# NavList:

## A Community Devoted to the Preservation and Practice of Celestial Navigation and Other Methods of Traditional Wayfinding

**Re: Still on LOP's**

**From:**Geoffrey Kolbe

**Date:**2002 Apr 22, 08:16 +0100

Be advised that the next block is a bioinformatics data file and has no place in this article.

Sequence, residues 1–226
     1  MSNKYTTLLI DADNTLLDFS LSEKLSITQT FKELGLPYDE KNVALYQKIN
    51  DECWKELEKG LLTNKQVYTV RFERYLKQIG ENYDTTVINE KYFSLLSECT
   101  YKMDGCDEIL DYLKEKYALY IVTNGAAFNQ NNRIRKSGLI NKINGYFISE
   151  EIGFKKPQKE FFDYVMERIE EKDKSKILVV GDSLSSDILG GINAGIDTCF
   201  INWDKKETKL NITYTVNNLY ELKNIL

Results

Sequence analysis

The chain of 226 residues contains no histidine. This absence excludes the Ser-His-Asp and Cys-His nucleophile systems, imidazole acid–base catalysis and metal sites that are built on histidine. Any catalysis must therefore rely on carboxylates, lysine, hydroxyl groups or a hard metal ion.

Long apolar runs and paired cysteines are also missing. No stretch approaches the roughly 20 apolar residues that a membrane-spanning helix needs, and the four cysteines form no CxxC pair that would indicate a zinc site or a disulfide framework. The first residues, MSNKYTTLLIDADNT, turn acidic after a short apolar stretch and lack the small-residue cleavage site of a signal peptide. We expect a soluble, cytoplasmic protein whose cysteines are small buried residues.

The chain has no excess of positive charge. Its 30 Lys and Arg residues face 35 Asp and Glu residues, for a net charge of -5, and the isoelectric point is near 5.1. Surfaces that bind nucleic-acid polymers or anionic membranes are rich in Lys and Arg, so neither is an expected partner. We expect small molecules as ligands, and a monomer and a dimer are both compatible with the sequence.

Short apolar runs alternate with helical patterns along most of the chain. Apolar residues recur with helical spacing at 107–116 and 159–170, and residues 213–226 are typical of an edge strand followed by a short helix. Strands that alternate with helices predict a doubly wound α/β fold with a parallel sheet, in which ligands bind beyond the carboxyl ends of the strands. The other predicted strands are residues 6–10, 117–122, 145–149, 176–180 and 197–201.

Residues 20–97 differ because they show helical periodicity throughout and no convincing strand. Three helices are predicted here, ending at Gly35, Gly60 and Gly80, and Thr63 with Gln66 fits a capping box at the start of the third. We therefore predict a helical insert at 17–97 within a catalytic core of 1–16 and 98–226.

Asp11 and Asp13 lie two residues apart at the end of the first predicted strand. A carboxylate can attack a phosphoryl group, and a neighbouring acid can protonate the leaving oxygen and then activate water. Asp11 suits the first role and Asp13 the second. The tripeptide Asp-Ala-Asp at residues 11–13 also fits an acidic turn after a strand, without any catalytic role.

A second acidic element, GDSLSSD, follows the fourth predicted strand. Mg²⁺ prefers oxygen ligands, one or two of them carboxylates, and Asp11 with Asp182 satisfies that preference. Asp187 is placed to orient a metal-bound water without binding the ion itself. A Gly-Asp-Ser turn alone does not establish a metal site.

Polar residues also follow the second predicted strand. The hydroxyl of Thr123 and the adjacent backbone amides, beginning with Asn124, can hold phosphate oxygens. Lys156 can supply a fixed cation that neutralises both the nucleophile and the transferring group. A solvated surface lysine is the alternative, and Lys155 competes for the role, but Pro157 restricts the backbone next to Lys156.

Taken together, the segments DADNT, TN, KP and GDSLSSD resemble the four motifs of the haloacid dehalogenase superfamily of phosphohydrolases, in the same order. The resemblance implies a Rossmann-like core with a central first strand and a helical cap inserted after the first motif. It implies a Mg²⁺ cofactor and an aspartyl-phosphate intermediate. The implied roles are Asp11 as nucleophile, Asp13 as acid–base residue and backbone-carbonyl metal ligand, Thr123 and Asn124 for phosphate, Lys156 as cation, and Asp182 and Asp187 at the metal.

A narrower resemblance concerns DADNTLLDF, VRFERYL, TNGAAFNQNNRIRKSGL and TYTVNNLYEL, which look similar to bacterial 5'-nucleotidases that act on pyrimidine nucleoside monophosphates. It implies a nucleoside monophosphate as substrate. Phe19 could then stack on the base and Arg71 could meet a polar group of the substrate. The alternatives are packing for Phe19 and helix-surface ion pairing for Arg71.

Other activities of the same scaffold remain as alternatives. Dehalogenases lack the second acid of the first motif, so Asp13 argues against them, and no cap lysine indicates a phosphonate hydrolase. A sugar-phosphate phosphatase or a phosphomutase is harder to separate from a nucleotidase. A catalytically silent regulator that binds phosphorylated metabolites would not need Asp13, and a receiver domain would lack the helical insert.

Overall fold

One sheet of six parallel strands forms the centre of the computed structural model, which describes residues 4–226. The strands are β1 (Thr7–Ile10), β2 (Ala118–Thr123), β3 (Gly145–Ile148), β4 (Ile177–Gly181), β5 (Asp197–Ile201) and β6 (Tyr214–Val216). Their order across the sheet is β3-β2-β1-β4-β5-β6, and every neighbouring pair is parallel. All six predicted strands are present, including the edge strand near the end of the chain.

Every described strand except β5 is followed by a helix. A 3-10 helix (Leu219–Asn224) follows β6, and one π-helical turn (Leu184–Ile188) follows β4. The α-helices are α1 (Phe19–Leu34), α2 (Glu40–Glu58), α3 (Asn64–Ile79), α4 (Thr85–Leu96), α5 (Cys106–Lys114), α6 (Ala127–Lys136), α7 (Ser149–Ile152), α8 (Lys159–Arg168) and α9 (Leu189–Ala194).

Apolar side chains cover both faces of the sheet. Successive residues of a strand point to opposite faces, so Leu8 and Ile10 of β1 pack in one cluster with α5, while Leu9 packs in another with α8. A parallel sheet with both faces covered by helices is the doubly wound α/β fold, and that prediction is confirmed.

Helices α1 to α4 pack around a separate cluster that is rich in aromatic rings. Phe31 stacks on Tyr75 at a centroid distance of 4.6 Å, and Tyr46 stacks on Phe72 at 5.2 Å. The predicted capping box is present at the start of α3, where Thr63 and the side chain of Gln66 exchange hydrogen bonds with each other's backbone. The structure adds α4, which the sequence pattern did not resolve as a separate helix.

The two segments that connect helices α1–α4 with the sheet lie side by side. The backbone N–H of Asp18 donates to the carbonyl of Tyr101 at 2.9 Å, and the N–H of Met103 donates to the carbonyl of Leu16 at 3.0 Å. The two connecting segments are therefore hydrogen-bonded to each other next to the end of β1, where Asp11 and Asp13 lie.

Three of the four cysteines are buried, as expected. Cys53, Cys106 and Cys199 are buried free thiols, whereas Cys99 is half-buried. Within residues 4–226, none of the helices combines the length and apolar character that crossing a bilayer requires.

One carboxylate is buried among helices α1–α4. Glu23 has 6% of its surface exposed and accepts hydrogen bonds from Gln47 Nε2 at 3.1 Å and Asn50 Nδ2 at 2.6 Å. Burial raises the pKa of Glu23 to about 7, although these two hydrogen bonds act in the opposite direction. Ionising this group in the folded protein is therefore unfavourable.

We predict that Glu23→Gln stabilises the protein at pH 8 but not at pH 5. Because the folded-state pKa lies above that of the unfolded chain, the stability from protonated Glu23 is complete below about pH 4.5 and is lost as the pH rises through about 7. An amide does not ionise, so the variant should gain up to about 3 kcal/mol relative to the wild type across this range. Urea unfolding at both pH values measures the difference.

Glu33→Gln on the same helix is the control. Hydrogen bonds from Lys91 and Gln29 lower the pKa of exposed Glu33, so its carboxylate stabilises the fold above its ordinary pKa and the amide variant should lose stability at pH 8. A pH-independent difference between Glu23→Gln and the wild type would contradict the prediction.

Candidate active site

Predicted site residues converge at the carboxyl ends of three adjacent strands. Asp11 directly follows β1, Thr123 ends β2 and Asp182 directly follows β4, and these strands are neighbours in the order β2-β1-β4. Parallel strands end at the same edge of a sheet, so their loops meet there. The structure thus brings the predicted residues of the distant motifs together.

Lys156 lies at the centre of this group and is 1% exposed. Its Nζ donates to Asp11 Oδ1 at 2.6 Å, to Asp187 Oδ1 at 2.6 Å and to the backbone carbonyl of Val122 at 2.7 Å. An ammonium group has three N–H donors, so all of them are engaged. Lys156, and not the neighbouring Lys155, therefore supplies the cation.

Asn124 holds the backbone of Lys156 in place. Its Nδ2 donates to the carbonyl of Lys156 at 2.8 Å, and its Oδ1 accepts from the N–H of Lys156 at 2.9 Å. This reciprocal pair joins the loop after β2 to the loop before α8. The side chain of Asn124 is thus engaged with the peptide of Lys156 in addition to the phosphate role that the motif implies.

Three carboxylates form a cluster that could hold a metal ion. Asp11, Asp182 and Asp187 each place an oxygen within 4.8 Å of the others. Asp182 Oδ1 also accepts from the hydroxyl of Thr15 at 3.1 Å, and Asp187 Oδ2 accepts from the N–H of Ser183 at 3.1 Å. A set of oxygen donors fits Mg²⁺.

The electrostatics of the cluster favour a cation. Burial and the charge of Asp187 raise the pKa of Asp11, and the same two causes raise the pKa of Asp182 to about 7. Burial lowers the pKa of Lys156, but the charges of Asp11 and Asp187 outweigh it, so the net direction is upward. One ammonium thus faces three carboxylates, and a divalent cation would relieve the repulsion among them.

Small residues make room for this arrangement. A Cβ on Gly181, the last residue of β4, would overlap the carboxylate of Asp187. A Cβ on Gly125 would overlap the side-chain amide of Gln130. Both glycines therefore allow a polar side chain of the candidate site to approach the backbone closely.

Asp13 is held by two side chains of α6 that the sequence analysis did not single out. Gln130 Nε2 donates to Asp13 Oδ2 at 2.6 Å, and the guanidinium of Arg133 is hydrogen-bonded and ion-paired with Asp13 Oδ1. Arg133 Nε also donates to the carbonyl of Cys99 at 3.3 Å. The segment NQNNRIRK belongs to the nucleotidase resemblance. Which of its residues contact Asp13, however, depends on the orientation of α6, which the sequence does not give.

> >But that would still leave us with the problem of what happens when the >cocked hat chances to be very small or very large. Can you explain how >the probability remains at 0.25? > > Trevor. Thankyou for your posting in which you find some accord with my answer to the question, "How often will my actual position be enclosed by the cocked hat resulting from the plotted bearings on three landmarks?" As you point out, there are other ways in which this question can put and which do not actually mean the same think. However, from a practical navigators point of view, it is worth knowing that the answer to THIS question is one time in four. Coming to your question above where you are concerned that even when the cocked hat is very small, how can it be that the probability remains at 0.25? If I may say so, I think that this question is the result of trying to put too much statistical significance on one cocked hat. If you did three more measurements on the same landmarks and drew another cocked hat, the size of the cocked hat would not be the same. When plotted on the chart the cocked hat might not even be in the same place, as I have shown. If the bearings are repeated many times so that a series of cocked hats could be drawn on the chart, then we could make some statistical conclusions. The first is that the actual position would be somewhere in the center of the distribution of cocked hats. The second is that the level of confidence with which we know the centre of the distribution (the actual position) will increase as the square root of the number of cocked hats. The third is some cocked hats will be large, some small. But the size of distribution of cocked hats will give us some information on the accuracy of our bearing measurements. For these cocked hats to be "independent" so that we may make arrive at the statistical conclusions outlined above, the measurements made for one cocked hat cannot be used for any other cocked hat. One more point. The cocked hats for the two classes of cocked hat which will always enclose the actual position, will tend to be larger than the cocked hats for the other six classes which can never enclose the actual position. Small cocked hats should be treated with suspicion! Geoffrey Kolbe.